ADHD Drugs for Children Haven’t Been Tested for Longterm Effects, Study Finds


adhddrugsAccording to new research from investigators at Boston Children’s Hospital in Massachusetts, studies on longterm use of ADHD treatment drugs for children have not occurred. The findings are especially concerning given that over 2.5 million children in the U.S. receive medication for their ADHD.

Researchers who looked over previous studies, which were carried out by the drug sponsors prior to U.S. Food and Drug Administration (FDA) approval, said that the studies were either too short or had too few subjects, which would prevent them from having meaningful longterm data that successfully demonstrates safety and efficacy.

“This has large implications about the way we think about the safety and efficacy of these drugs,” said the study’s senior author, Kenneth Mandl, who is a professor of pediatrics at Harvard Medical School. “It’s also impossible to assess the kind of outcomes [from ADHD trials] that parents and physicians would be most interested in, including the impact these drugs may have on educational performance or cognitive and emotional development.”

To see what was happening with ADHD drug approval, the authors examined all ADHD medications which have been approved by the FDA. Of those 20 drugs, only three have since been discontinued. The study found that the average trial length was four weeks, with about 33% of trials lasting not even that long. The average number of participants involved in each study was 75.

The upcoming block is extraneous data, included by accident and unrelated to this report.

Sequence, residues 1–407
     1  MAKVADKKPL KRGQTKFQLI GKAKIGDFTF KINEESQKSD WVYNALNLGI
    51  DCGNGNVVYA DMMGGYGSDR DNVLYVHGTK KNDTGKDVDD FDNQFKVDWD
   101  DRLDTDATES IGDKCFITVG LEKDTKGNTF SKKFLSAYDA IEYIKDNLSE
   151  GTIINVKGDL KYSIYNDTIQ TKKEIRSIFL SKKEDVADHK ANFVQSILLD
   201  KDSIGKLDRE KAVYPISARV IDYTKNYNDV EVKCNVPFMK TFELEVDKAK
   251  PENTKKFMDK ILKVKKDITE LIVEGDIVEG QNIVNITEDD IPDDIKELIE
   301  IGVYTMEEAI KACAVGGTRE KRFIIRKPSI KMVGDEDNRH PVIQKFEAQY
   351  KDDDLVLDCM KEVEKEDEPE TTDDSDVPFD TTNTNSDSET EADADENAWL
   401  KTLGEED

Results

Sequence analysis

“Overall, half of these drug trials included fewer than 100 participants, which is a striking number, as it is indeed quite small,” said author Florence Borgeois, MD, MPH. She added that a four week trial is incredibly short, and in no way long enough to measure the impact of ADHD medication on longterm health, and cognitive development.

The researchers note that in the last decade, drugs underwent more scrutiny by the FDA, but in many cases still fell short of desired study sizes and lengths. They also point out in their study that not a single drug approved for ADHD in the U.S. meets the current international recommendations for the testing of drugs used to treat chronic conditions that are not life threatening.

Dr. Borgeois adds that the study is not meant to be alarmist in nature; most of the drugs have been on the market for years now, and their effects are fairly well known. “But there is some debate over how effective they are in the long term, and it’s important that parents are aware of what is known about the benefits of these drugs and what is not known,” she says.

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